Oob | 19.11.2004 16:58 | Animal Liberation
Liberated battery hen
In what is believed to be the first case of its kind in the UK the jury at Hove Crown Court took just two hours to return a unanimous verdict of Not Guilty.
During the two-day trial the farmer told how he readily takes birds he finds in the waste pits below the cages, from where Mr Currie took the birds he was arrested leaving with, and returns them to the cages. While giving evidence he also acknowledged he puts down rat poison in the pits to control the infestation, which suggests that rat poison is probably entering the human food chain as the birds gobble it greedily as a scarce food source. The jury accepted the defendant acted with honest intent and that the average
person on the street would agree with him.
At this factory farm and others like it birds regularly fall from the cages into the waste below and are effectively buried alive. Some die of rat poisoning, some sink into the deep sodden waste and die there unable to move. The Animal Liberation Front and other animal care workers covertly take and film others.
The RSPCA has proven for many years unwilling to address this blatant disregard for the welfare of these birds, similarly Trading Standards animal welfare officers to whom as many documented complaints have been made by various animal welfare organisations about the unnecessary suffering inflicted on birds in these egg farms have failed to act. One poultry expert, a vet, refused to condemn when approached by Meridian TV news, suggesting instead that their suffering in the dark in high piles of waste, where they appear to survive (where rat poison isnflt deployed) on faeces and their dead companions is a trade off for cheap eggs.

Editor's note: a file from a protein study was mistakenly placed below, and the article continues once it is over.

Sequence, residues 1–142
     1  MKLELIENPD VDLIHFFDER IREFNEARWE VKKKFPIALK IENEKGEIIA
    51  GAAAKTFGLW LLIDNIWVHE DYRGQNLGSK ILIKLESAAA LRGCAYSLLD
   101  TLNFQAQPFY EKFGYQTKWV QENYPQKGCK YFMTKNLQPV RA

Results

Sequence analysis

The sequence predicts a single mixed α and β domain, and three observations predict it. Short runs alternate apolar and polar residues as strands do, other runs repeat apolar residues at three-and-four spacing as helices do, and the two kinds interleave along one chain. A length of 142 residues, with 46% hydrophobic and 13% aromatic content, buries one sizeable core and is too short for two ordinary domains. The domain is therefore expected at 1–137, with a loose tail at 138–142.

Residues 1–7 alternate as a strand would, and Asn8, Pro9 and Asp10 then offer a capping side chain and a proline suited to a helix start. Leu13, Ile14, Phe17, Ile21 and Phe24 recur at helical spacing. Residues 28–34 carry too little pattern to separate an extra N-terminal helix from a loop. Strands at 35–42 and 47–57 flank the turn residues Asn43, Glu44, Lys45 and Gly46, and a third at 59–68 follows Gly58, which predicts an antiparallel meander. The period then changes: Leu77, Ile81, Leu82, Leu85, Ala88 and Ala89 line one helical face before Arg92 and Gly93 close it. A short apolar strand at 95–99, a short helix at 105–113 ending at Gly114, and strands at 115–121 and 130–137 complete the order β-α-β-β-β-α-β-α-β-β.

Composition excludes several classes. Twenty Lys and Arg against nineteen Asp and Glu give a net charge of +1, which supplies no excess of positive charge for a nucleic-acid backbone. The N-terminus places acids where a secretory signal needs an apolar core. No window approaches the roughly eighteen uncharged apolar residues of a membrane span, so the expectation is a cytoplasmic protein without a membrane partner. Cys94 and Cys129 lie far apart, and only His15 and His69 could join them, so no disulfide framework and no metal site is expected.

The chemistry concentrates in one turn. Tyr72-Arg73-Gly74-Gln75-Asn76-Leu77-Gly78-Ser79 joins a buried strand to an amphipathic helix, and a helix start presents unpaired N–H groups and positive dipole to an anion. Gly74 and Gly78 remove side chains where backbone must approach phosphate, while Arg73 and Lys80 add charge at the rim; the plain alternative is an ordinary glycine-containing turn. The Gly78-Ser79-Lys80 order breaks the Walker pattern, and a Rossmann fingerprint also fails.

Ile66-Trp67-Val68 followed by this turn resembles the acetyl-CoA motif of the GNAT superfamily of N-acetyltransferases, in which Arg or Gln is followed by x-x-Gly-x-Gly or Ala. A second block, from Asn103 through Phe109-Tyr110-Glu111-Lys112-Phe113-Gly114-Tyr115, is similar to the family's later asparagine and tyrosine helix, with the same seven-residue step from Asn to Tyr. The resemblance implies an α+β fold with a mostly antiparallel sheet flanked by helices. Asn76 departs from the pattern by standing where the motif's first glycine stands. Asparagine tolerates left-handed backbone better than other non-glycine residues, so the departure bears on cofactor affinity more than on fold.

Clearly this is not acceptable in an advanced civilised society that prides itself on its attention to animal welfare issues. The options for these fallen hens are outlined, their only hope appears to be once thought illegal, even bracketed as terrorism by some but today given the seal of approval by a jury of twelve members of the public who agreed it is not a criminal offence to walk into these places and take the fallen stock to a better life. It seems almost merciless and future generations will say it would be wrong not to. This case has once again exposed serious flaws in the laws protecting animals in factory farms in this country.